President John Magufuli claims, without evidence, that vaccines against COVID-19 are ‘dangerous’.
Days after President John Mafuguli finally admitted Tanzania has a coronavirus problem, after months of apparent denial and increasing warnings of a resurgence in infections, the sight of the country’s finance minister coughing and gasping during a news conference to defend the state of his health has left many in shock.
Finance Minister Philip Mpango, who did not reveal what he was suffering from, spoke to about 10 reporters on Tuesday at a hospital in the capital, Dodoma, after rumours that he had died of COVID-19. A recent spate of deaths attributed to “pneumonia” and “respiratory challenges” has struck both government officials and members of the public.
Mpango, who was not wearing a mask, was flanked by a doctor and a hospital director – both also maskless. Behind him stood doctors and nurses who were wearing masks.
The minister, his voice trembling, had a coughing fit at the news conference to announce he was being discharged from hospital after 14 days.
“I came to the hospital with my oxygen cylinder but in the last three days I did not use it because my health has improved,” he said, briefly breaking down as he sent condolences following the recent deaths.
Tanzanians: Minister of Finance Dr Mpango is seriously ill, on a ventilator, due to COVID-19
Government: Dr Mpango is not very ill. Let's call a press conference and show you the Finance Minister. He does not even need to wear a mask.
VIDEO – THIS IS WHAT HAPPENED NEXT!!!!!!! pic.twitter.com/yrDWFJDLmg
— Louis Jadwong (@Jadwong) February 24, 2021
“If you physically look at him, he was not supposed to talk at all but probably there was pressure behind,” one of the people present, who asked not to be identified, was quoted as saying by AFP news agency.
On social media, people expressed horror at the scene, including opposition leader Tundu Lissu.
“Has the intelligence of our leaders reached this level? Who allowed this patient to cough on people, instead of being in hospital for treatment or bed rest?” he wrote on Twitter. “What kind of doctor is this who was coughed on without mask? What are you trying to prove by this recklessness?”
Magufuli has insisted for months that COVID-19 had been fended off by prayer, but in recent days conceded it was still circulating after the vice president of semi-autonomous Zanzibar was revealed to have died of the respiratory disease caused by the novel coronavirus.
On Sunday, he revealed that some of his aides and family members had contracted COVID-19 but recovered, and offered some lukewarm support for the use of masks.
“Let us all depend on God as we also take other preventive measures. I put God first and that is why I do not wear a mask.”
It came as the head of the World Health Organization appealed to Tanzania’s government to take “robust action” against COVID-19 after several travellers from the country tested positive.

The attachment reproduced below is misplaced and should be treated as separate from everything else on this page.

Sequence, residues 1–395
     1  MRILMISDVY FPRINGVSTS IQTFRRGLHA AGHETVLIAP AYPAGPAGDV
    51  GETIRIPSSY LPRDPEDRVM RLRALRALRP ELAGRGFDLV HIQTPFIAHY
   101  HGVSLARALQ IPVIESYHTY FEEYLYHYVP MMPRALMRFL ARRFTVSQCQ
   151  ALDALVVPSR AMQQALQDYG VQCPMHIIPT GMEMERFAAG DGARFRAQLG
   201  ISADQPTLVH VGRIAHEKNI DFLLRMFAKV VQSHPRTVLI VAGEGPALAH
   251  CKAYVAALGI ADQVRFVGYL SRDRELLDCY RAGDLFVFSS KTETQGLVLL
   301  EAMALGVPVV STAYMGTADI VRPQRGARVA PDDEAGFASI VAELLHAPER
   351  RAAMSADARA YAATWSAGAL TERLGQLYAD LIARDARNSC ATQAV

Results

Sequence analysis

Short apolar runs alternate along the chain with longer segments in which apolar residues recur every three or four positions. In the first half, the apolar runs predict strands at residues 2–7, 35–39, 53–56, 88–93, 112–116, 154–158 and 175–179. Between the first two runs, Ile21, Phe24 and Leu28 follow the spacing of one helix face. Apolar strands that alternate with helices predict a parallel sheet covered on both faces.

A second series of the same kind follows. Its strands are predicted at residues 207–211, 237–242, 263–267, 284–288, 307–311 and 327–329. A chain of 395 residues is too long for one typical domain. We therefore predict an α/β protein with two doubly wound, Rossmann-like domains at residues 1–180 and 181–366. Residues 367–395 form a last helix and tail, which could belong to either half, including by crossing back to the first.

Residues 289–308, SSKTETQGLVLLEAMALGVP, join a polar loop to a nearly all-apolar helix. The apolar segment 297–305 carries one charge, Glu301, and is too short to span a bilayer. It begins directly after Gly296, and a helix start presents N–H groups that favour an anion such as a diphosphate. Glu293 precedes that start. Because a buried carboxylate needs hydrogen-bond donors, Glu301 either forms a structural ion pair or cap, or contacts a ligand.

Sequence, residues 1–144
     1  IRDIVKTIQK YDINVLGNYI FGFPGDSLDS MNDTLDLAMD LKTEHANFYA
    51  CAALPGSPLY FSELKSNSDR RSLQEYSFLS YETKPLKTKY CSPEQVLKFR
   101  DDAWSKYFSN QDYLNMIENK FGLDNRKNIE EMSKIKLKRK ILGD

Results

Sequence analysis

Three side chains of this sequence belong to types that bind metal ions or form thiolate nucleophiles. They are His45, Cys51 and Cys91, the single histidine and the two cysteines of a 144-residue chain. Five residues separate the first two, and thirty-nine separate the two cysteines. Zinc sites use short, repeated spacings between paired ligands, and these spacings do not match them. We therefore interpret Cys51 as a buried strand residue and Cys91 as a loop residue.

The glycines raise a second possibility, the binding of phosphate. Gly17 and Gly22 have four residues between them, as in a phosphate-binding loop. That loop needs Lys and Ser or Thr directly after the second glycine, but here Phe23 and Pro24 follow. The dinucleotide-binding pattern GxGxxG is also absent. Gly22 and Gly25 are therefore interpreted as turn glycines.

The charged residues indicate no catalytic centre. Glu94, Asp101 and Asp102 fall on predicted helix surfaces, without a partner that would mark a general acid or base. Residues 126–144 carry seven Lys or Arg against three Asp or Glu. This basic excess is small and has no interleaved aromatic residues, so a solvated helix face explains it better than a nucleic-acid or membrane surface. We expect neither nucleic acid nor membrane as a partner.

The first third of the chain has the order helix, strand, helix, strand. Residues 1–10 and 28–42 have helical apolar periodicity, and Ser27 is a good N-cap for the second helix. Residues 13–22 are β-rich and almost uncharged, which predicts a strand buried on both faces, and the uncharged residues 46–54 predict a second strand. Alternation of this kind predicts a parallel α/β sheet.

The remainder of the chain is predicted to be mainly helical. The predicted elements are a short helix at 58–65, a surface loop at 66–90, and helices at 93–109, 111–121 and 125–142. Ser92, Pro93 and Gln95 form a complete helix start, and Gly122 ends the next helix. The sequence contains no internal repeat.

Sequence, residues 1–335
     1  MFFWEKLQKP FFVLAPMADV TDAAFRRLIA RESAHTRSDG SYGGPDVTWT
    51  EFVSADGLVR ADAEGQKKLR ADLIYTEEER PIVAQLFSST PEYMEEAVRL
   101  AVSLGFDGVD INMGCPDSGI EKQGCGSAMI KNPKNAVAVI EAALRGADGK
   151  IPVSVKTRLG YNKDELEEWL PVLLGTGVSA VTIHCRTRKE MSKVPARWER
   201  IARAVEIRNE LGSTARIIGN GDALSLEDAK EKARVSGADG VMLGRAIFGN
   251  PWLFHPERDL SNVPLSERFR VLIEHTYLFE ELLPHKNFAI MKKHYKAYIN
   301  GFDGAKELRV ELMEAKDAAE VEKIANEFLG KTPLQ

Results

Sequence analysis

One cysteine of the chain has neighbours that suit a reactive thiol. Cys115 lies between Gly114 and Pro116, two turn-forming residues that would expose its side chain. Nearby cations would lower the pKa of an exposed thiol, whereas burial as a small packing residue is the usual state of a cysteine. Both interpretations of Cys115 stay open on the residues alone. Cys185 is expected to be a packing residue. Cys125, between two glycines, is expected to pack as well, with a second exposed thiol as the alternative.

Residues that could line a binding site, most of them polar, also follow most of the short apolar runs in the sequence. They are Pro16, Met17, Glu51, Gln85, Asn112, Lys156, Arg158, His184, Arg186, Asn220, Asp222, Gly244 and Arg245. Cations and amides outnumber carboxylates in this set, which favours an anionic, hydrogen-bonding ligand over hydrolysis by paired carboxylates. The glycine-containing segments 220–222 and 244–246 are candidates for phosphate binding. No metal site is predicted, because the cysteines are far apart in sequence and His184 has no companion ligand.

In a statement, Tedros Adhanom Ghebreyesusrenew also renewed his call for authorities to start reporting COVID-19 cases and share data – Tanzania, a country of some 60 million people, stopped releasing figures on COVID-19 in April 2020.
On Monday, the United States issued a “do not travel” warning to Tanzania, due to the spread of the virus. The next day, Oman said it would not allow people from Tanzania to enter the Gulf country for 15 days, while Kenya announced on Wednesday that its athletes were banned from competing in Tanzania’s top marathon race on Saturday over concerns about the pandemic.
Last month, Magufuli had claimed vaccinations against COVID-19 are dangerous and instead urged Tanzanians to protect themselves from the disease by using domestic measures including steam inhalation.
He had previously questioned the efficacy of imported COVID-19 tests and urged people to pray to protect themselves from the coronavirus.
Seif Sharif Hamad, one of Tanzania’s highest-profile politicians and vice president of the semi-autonomous island region of Zanzibar, died last week, with his political party admitting he had contracted coronavirus. Magufuli’s chief secretary also died in recent days, though the cause was not revealed.
Speaking at John Kijazi’s funeral in a nationally televised broadcast on Friday, Magufuli urged the nation to participate in three days of prayer for unspecified “respiratory” illnesses that had become a challenge to the country.
Speaking to Al Jazeera, Tanzanian physician Frank Minja said authorities have been speaking about COVID-19 “in very general terms” and with euphemisms, which he described as problematic.
“[Health authorities would say,] ‘You have a viral pneumonia, you have very severe pneumonia, you have difficulty breathing’; we’re talking about inventing general terms,” Minja said.
“We can’t just talk about infectious diseases in general. Yes, they have given advice in general, but we have to alert people that we have three methods that actually work against COVID-19: Masks, washing your hands and avoiding large crowds.”
Tanzanian journalist Ansbert Ngurumo concurred, saying the government did not have a hold on the coronavirus situation in the country.
“For you to be able to control the disease, you have to admit that there is a problem and then you work up to control the problem,” he told Al Jazeera. “If you don’t even track the infections, how do you control it?”